Models as interpreters (with a case study from pain science)

Most philosophical accounts of scientific models assume that models represent some aspect, or some theory, of reality. They also assume that interpretation plays only a supporting role. This paper challenges both assumptions. It proposes that models can be used in science to interpret reality. (a) I distinguish these interpretative models from representational ones. They find new meanings in a target system’s behaviour, rather than fit its parts together. They are built through idealisation, abstraction and recontextualisation. (b) To show how interpretative models work, I offer a case study on the scientific controversy over foetal pain. It highlights how pain scientists use conflicting models to interpret the human foetus and its behaviour, and thereby to support opposing claims about whether the foetus can feel pain. (c) I raise a sceptical worry and a methodological challenge for interpretative models. To address the latter, I use my case study to compare how interpretative and representational models ought to be evaluated.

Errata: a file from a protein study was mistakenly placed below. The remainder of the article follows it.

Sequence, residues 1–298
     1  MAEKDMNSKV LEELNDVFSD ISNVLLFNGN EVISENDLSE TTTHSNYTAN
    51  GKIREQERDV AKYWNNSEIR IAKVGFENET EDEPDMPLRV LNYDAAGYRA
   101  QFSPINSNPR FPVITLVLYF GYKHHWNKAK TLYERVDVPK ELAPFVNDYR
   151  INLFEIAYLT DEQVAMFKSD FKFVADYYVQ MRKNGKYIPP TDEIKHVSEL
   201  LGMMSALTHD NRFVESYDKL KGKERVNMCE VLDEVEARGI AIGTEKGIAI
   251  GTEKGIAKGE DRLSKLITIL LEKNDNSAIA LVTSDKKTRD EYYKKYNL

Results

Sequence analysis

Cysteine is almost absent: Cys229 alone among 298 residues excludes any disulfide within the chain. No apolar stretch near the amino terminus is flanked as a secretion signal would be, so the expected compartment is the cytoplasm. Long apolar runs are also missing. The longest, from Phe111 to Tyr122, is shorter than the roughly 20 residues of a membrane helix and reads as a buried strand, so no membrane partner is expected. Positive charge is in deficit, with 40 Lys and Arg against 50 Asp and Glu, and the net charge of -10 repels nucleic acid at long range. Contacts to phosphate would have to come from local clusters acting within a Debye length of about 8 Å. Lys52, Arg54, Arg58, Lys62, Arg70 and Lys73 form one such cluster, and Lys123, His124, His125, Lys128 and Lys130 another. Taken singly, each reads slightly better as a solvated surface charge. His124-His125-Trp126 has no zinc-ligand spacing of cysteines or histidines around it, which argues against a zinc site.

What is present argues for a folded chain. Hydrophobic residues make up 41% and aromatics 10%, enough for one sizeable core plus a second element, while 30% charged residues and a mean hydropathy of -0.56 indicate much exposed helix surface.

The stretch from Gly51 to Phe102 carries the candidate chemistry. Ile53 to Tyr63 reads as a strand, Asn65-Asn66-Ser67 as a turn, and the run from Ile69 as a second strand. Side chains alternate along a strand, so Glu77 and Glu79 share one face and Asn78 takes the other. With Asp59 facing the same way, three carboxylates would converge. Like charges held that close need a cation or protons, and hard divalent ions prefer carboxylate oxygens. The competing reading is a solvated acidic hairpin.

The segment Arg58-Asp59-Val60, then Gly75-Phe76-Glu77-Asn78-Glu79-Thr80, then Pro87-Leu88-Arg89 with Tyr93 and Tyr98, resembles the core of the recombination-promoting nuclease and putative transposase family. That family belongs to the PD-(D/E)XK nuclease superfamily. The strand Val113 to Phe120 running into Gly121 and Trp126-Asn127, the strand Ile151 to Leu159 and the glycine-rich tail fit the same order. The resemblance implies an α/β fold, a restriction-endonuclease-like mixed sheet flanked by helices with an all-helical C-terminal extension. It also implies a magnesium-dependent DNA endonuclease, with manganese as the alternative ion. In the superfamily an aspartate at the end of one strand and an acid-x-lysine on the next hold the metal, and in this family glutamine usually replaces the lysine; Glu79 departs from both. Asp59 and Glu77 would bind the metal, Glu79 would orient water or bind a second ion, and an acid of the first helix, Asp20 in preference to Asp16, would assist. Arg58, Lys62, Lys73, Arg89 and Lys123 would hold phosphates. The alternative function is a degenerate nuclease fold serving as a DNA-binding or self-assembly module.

Keywords Scientific model  Interpretation  Representation  Meaning  Foetal pain
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DOI 10.1016/j.shpsa.2010.11.038
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References found in this work BETA
Stuart Glennan (2005). Modeling Mechanisms. Studies in History and Philosophy of Science Part C 36 (2):443-464.
R. I. G. Hughes (1997). Models and Representation. Philosophy of Science 64 (4):336.

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Ronald N. Giere (1999). Using Models to Represent Reality. In L. Magnani, N. J. Nersessian & P. Thagard (eds.), Model-Based Reasoning in Scientific Discovery. Kluwer/Plenum 41--57.
Kevin Reuter (2011). Distinguishing the Appearance From the Reality of Pain. Journal of Consciousness Studies 18 (9-10):94-109.

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